WeWork co-founder and former Chairman, Adam Neumann, received $ 1.7 billion in shares, loans and fees to step down as the company's chief executive. He is one of many executives who have received a "golden parachute" – and now he is also one of the many billionaires in the world. Once someone has achieved their billionaire status, it is incredibly rare for them to lose them.
The ultra-rich are typically able to diversify their wealth and protect themselves from economic instability (How the rich protect their wealth in a recession.) But there are cases where some billionaires go bankrupt – some lose their money, and the more dishonest lose their freedom.
In order to investigate the bankruptcy of billionaires, Wall Street researched reports from financial institutions such as 24/7 Forbes, Business Insider, and others about people with net worth of nearly $ 1 billion or more who either have filed for bankruptcy or lost most of their assets through poor investment, government seizure, or other legal measures. In several cases, the billionaires were charged with financial inappropriateness or filed for bankruptcy, but died before their wealth could be seriously affected.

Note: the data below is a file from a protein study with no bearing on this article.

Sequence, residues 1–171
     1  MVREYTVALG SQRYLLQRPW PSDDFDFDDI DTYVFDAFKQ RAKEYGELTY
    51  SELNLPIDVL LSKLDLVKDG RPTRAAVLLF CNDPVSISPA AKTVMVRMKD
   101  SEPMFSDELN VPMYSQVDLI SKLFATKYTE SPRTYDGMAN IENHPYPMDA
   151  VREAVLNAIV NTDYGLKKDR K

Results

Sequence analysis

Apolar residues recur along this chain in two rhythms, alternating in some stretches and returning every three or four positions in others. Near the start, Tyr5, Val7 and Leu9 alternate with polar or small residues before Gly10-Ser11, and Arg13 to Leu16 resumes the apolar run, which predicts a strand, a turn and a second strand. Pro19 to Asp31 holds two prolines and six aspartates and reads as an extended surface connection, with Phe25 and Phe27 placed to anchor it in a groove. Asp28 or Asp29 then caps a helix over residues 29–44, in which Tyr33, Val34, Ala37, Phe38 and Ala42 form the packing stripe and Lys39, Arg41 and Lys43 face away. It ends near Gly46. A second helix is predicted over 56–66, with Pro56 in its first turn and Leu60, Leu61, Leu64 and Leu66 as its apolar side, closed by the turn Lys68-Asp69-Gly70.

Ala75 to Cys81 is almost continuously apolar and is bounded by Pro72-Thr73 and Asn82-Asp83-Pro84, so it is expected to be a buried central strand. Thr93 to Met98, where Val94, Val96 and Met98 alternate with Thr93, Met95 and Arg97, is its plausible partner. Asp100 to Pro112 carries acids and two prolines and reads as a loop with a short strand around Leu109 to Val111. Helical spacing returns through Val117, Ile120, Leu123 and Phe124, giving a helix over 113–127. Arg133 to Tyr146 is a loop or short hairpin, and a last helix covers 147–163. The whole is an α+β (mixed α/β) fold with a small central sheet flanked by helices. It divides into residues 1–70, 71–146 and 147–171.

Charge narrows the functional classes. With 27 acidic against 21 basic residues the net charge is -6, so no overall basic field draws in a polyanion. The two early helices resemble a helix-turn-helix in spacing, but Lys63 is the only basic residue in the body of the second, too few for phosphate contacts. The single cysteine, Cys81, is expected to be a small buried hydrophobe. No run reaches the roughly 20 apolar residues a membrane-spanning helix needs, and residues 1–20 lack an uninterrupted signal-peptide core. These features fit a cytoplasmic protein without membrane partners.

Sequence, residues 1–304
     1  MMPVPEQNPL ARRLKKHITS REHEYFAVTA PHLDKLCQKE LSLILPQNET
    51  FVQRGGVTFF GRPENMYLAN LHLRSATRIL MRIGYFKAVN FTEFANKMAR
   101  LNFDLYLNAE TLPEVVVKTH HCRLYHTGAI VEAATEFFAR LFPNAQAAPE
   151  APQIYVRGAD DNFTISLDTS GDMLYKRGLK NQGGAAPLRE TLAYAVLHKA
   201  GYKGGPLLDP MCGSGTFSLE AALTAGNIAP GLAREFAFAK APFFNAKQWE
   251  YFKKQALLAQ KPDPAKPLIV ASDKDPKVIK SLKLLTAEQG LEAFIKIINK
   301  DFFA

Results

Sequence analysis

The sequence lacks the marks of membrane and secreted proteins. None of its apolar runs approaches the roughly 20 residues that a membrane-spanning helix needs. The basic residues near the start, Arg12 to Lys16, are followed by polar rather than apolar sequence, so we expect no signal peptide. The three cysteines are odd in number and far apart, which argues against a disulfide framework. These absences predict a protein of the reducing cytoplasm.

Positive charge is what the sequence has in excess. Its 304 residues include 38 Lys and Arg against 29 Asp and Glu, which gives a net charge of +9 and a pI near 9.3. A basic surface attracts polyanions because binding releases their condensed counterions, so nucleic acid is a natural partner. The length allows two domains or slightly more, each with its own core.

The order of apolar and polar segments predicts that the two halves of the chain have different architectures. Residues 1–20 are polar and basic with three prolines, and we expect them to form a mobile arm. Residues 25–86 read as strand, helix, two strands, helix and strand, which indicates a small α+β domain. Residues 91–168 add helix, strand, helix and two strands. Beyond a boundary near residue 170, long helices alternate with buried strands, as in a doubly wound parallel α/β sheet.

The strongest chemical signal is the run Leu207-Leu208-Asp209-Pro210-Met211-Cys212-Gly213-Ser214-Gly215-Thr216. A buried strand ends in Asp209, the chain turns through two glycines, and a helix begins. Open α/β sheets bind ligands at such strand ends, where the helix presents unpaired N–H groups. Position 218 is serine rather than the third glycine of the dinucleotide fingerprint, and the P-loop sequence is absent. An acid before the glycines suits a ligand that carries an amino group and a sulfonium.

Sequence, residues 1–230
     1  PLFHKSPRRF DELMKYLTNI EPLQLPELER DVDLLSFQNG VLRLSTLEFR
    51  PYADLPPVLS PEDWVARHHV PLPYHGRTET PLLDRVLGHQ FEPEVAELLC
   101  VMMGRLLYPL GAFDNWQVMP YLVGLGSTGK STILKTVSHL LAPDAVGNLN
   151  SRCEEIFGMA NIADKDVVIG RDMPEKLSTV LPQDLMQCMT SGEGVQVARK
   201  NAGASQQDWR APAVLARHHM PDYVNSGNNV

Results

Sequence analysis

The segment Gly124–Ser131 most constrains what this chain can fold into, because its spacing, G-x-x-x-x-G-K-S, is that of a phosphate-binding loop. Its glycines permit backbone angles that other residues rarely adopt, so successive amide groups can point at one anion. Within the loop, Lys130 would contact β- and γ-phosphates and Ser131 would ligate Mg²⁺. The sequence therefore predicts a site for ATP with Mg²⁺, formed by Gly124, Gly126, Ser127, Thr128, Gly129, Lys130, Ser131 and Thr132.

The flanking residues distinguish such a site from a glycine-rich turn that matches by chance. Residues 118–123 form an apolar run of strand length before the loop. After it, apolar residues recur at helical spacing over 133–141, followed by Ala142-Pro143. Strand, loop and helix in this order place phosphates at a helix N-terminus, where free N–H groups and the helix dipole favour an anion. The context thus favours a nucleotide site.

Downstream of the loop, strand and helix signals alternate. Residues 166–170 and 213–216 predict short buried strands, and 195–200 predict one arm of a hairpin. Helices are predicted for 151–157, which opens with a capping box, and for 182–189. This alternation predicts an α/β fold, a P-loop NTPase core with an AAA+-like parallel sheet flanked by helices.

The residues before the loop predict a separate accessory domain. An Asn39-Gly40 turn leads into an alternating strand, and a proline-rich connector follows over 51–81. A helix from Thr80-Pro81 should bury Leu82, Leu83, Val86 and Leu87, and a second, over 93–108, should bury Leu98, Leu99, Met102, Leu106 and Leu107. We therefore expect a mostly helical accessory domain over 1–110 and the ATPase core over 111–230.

The gone bankrupt doesn't seem to have much in common. Most made their fortunes in different ways – banking, hedge funds, oil, biotechnology, and even umbrellas. They also come from many different countries, including the United States, Brazil, Iceland, India and others. Still, many of the billionaires have one thing in common: they ran their own businesses with great success, but lost their fortune when they were caught violating the law.
These former billionaires, who lied to shareholders, cooked books in their companies, or literally stole money from their investors, often ended up in prison. In fact, many business leaders are still caught committing crimes. These are the worst CEOs of the past year.
Click here to see the gone billionaires